Alfred Hitchcock’s “The 39 Steps”: A Coded Message?

By |2019-09-28T09:49:59-05:00October 4th, 2018|Categories: Film, History, Mystery, StAR, World War II|

The 39 Steps is one of five films that Alfred Hitchcock made in England about espionage in the mid-to-late 1930s. These films capture the growing threat felt in Britain from foreign powers. In their scenarios the nation's security was nowhere more threatened than by spies hiding in plain sight... The Thirty-Nine Steps. A novel. Then a film: The 39 Steps. In the end, that [...]

The Day Mozart Stole Music From the Vatican

By |2020-04-07T03:18:26-05:00September 29th, 2017|Categories: Audio/Video, Beauty, Catholicism, Christianity, Music, Mystery, Wolfgang Amadeus Mozart|

The Vatican knew it had a winner on its hands with Allegri’s “Miserere” and, wanting to preserve its aura of mystery and exclusivity, forbade replication, threatening anyone who attempted to copy or publish it with excommunication. But that didn’t stop the teenaged Mozart. The fourteen-year-old Mozart didn’t see himself as being a music pirate, mind [...]

Relentless Rationalism

By |2017-09-01T15:05:36-05:00September 1st, 2017|Categories: Imagination, Modernity, Mystery, Science|

Relentless Rationalism burns up the “life, mind, morality and reason” of man, seeing in the ashes the only true liberation of humanity… “Science, my lad, is made up of mistakes, but they are mistakes which it is useful to make, because they lead little by little to the truth.” —Jules Verne, The Journey to the [...]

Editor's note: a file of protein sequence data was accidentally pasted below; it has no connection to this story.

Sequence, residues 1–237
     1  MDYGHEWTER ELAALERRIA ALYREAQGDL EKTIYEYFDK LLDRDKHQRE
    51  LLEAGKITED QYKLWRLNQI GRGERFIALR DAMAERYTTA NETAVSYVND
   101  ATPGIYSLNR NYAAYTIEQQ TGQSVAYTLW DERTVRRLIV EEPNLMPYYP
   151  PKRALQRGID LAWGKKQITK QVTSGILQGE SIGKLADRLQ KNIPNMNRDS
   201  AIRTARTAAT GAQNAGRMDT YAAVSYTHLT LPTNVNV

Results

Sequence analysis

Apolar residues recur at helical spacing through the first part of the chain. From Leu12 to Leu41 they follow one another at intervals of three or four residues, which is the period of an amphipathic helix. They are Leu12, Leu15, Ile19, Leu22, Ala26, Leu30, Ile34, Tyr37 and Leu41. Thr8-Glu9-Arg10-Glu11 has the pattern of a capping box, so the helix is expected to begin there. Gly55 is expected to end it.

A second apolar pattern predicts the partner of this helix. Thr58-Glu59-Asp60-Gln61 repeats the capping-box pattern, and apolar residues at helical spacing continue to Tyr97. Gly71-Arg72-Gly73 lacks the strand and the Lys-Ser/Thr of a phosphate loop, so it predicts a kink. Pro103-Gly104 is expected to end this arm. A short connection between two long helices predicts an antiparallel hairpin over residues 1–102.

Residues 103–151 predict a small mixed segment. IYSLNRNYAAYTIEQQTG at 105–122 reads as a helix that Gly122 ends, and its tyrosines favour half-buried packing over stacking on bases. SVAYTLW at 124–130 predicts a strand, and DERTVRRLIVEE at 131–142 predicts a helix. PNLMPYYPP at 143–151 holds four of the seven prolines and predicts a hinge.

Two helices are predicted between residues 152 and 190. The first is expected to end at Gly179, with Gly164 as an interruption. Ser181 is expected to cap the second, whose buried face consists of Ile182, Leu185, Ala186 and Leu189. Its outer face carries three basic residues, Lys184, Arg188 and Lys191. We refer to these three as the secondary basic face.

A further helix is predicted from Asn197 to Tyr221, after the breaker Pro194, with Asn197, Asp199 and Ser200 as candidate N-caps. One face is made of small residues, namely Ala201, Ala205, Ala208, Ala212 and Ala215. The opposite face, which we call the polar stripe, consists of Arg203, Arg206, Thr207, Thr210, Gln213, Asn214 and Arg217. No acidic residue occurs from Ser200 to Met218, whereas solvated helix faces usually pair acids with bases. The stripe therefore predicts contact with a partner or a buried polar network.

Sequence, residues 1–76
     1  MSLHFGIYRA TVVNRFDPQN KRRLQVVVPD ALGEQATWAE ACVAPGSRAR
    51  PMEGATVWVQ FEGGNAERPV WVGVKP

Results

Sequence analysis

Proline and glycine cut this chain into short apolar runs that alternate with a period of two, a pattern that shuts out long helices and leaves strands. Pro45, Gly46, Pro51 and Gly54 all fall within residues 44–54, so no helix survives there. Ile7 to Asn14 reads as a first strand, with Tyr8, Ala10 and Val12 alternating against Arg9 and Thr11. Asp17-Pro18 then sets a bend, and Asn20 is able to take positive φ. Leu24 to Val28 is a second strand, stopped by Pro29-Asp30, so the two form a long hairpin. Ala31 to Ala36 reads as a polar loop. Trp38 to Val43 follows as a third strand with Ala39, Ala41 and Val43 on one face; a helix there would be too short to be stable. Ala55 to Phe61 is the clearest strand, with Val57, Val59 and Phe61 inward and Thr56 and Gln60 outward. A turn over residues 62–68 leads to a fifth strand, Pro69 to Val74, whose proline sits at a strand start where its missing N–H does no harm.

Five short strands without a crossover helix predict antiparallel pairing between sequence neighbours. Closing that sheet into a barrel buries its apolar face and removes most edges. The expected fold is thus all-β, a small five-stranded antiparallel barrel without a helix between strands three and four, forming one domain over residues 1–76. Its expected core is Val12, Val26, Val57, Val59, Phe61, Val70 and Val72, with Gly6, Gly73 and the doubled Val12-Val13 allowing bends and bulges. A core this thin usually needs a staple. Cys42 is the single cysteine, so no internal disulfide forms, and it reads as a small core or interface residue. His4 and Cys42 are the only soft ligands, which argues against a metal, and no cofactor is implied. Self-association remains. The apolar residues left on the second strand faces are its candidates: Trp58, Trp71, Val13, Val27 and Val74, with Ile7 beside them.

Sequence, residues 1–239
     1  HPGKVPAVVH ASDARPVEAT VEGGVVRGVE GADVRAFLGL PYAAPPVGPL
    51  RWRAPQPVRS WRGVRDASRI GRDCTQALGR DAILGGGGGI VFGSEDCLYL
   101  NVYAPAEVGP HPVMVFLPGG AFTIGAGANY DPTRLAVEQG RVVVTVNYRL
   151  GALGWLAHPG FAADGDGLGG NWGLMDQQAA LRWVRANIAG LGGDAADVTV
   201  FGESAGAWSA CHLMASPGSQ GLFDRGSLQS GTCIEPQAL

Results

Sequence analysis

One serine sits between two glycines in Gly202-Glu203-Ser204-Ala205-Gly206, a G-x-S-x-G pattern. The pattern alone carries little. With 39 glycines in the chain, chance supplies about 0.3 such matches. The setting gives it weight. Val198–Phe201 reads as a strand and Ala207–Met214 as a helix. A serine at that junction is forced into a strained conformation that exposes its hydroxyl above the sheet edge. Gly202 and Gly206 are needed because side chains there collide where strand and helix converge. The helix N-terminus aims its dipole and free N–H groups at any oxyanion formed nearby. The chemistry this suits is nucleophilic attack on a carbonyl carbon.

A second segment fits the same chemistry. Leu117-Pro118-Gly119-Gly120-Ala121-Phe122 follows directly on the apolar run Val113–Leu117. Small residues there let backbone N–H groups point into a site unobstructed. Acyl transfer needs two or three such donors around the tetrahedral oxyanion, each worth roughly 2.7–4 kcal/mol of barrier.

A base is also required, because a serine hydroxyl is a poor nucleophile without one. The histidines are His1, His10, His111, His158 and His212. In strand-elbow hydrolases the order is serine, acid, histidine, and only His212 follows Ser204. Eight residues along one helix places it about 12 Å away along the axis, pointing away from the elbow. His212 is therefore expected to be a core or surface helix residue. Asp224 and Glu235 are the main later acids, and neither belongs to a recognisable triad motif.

On Mysteries and Miracles

By |2019-05-30T12:10:51-05:00July 22nd, 2017|Categories: Christianity, Dwight Longenecker, History, Mystery, Myth, Science, Senior Contributors|

We can approach the miracles and mysteries of the Bible, accepting the possibility of their essential historicity while allowing for elaboration, exaggeration, and the misunderstandings of the pre-scientific mind… I have had a terrific time researching and writing my new book The Mystery of the Magi—The Quest for the True Identity of the Three Wise [...]

Mysticism, Political Philosophy, & Play

By |2019-11-21T13:58:17-06:00July 10th, 2017|Categories: Christian Humanism, Faith, Fr. James Schall, Government, Mystery, Philosophy|

To link spiritualism, political philosophy, and play together is, at first sight, rash. What could they possibly have in common, since they clearly are not the same?… Spiritualism seems to me absolutely right on all its mystical side. The supernatural part of it seems to me quite natural. The incredible part of it seems to [...]

“The Haunting of Hill House”

By |2018-10-02T13:33:19-05:00January 6th, 2017|Categories: Bradley J. Birzer, Fiction, Mystery, Russell Kirk, Senior Contributors|

Shirley Jackson’s The Haunting of Hill House revolves around three intrepid explorers who accept Professor Montague’s invitation to spend a summer living there, getting to know one another and getting to know—intimately—the workings of the house… Though she never made it past the young age of forty-eight, Shirley Jackson was known for two important things [...]

The Inspector Morse Mysteries and a Lost Eden

By |2019-01-10T13:57:31-06:00January 5th, 2017|Categories: Christianity, Justice, Mystery, Oxford University, Television|

In the murder mystery, the portrayal of an apparent Eden is broken by the intrusion of crime, and the specific crime of murder, so that by the intervention of clever and wise persons the social world can be healed and order restored… There’s a wonderful moment in one of the old Inspector Morse shows—the one [...]